cotcbook3

Call of the Canyon is now on Amazon with paperback still to follow. Second in my Young Adult series, Waiting for Dusk. There. I’m done advertising. Well, not really. I’ll give you a sneak peek of what’s to come.

Two Lives…
Two Worlds…
Heartbreak awaits.

Exciting, right? Well, you have to like young adult fiction and be into romance and fantasy and time travel. If not, that’s okay.

Writing comes easy. It’s the promotion that’s hard. Trust me, I know. I’m a reviewer, too, and I see all the emails that come into the website’s mailbox. I’ll share a few funny ones with you.

One person started his greeting with he’ll take any kind of review–good, bad or indifferent. What? Really? He’s been sitting in the queue for months; no one’s touching that one. Still there, as far as I know.  I wonder why? I want someone to wish with all their might for a good review. Be sure of themselves but just not over the top.

Another person almost made it to my review folder until I got to the bottom of the email and checked out his list of rules. Rules? You don’t give the reviewer rules! Sorry, back to the main list, let someone else deal with your rules if they want.

The “Hey, what’s happening? I have a good book for you to read” is also a turn-off. Remember when asking anyone to read your book, blog, news article, be respectful. The reviewer will appreciate it and give it proper consideration.

So I’m not going to ask you to read my book at all costs, even if it’s not your genre or interests you and may give it an indifferent review. I won’t give you rules or ask you what’s happening. I’ll just respectfully ask, if it interests you, please take a peek. And if you do, I say this with tongue-in-cheek humor; I may become your new favorite author.

Read more

 

four-seasons

An end of the summer chore—the closing of the pool. Always get a little tug of the heartstrings, a funny feeling in the pit of the stomach as I watch it happen. If you live wherever there are four seasons, you know what I mean.

People have their favorite seasons and I, like Kate in my series, like summer the best. Our reasons, though, are vastly different. Mine always signaled the end of a school year and some time to reflect before starting another. It was a gift I never took for granted. Hers indicated another year was to begin. Her life in 1927 was about to start again.

Funny how people look at the seasons differently. Some long for winter and the outdoor sports that come with it. Not me. Sledding was as far as I ever went that time of year. Fall is a favorite because of the beauty it represents. Some people drive miles to gaze at autumn foliage or plan vacations around it. Spring hints at new beginnings. The buds slowly appear on the branches and flowering trees burst on the scene.

When your favorite season ends, do you get that little tug? It’s over and you have to wait almost another year until it begins again. You have those three “other” seasons to get through.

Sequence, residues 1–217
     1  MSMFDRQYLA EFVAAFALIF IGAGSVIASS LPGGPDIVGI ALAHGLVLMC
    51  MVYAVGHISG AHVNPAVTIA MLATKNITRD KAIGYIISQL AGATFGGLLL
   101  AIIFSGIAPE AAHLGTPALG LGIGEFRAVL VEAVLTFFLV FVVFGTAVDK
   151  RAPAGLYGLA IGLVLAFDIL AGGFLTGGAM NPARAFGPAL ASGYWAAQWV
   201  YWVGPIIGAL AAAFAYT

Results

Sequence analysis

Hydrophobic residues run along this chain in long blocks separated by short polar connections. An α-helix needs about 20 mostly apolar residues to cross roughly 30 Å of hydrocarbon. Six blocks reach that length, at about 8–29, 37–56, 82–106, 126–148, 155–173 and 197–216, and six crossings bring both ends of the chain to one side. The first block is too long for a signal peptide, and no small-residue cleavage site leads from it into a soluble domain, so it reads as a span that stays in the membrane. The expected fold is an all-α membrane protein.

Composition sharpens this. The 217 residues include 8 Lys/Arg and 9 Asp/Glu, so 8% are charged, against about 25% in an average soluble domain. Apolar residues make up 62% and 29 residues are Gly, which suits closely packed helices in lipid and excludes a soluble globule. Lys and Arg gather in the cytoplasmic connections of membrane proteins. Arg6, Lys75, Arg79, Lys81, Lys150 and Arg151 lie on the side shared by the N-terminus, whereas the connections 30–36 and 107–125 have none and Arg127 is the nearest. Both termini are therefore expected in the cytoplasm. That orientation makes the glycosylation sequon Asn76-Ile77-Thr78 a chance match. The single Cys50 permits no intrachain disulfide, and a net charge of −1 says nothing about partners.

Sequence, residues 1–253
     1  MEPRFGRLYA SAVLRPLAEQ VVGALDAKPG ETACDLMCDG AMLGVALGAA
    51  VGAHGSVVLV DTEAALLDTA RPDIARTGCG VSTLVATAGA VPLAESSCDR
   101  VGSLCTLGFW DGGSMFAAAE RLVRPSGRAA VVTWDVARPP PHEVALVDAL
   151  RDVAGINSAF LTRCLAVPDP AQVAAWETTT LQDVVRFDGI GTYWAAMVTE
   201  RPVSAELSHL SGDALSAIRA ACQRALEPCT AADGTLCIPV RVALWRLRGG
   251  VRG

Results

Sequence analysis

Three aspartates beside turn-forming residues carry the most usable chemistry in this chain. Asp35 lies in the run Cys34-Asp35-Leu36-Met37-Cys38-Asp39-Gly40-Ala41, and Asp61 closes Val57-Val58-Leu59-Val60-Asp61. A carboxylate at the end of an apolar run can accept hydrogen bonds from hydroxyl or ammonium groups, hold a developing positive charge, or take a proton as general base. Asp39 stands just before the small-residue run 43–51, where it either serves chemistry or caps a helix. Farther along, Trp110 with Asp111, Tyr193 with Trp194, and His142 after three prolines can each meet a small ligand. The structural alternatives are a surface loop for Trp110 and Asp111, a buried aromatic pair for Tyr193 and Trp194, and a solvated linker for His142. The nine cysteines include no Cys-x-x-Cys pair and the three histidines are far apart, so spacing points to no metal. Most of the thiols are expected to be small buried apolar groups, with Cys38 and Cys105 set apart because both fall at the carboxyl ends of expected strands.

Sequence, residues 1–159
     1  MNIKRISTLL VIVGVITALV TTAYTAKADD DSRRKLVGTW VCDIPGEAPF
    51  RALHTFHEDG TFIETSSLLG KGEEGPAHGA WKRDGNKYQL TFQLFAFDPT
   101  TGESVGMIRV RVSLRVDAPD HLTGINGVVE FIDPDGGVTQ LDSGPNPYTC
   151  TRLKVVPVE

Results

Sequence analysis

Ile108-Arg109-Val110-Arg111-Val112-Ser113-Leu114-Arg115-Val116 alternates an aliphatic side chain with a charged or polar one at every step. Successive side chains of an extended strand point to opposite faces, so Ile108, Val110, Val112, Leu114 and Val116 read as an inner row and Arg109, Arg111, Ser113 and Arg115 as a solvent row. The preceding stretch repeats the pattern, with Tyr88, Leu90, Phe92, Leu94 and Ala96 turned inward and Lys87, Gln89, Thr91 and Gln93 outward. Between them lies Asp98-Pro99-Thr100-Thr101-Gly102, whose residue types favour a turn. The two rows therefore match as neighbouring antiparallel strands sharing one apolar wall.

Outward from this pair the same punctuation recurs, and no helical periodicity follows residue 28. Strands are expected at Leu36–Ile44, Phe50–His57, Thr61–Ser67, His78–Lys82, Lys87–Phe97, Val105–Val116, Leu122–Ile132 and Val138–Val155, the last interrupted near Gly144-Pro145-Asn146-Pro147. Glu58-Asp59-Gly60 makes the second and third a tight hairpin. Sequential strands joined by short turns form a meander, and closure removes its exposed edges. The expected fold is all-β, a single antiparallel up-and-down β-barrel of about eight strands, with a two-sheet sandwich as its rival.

This year I’ve made a pact with myself. Find something to love about each one. It’s not too hard with fall and spring given the reasons above. Those are my favorite parts. I don’t want to say the holidays for winter as I know many of you are thinking, because there’s a lot more days ahead after they end. I’m going to try hard to come up with something and when I do, I’ll let you know. It may not be until the dead of winter and I won’t be a happy camper.

For now, I’m going out on the deck and stare at the pool, covered over and waiting for winter. Probably dreading it just like I am.

 

 

 

Read more

working_class_heroThis post is dedicated to my fellow writers…whether you write novels, short stories, screen plays, blog or secretly write for yourself…don’t give up. I recently read a sad entry. An author with my same publisher blogged she would no longer write anymore of her series. Her words were from the heart and as I read I felt the pain.

She said she wasn’t in it for the money, she just wanted some interest. I think all writers feel that same way. You want someone to notice your work.

Before I read that post, I had begun to analyze this new world of books. So much is out there…self-published books, books with small press publishers and books with the big guys. The last group gets the most attention and publicity. The little guys struggle to get noticed.

When I started feeling sorry for myself, I thought about the entertainment industry. If you think about it, movies have just a handful of stars. Some of them make two or three films a year. Only those chosen few get to make the big blockbusters. Same goes for music or any creative art. These people are stars because of talent, word of mouth, being in the right place at the right time or just plain luck.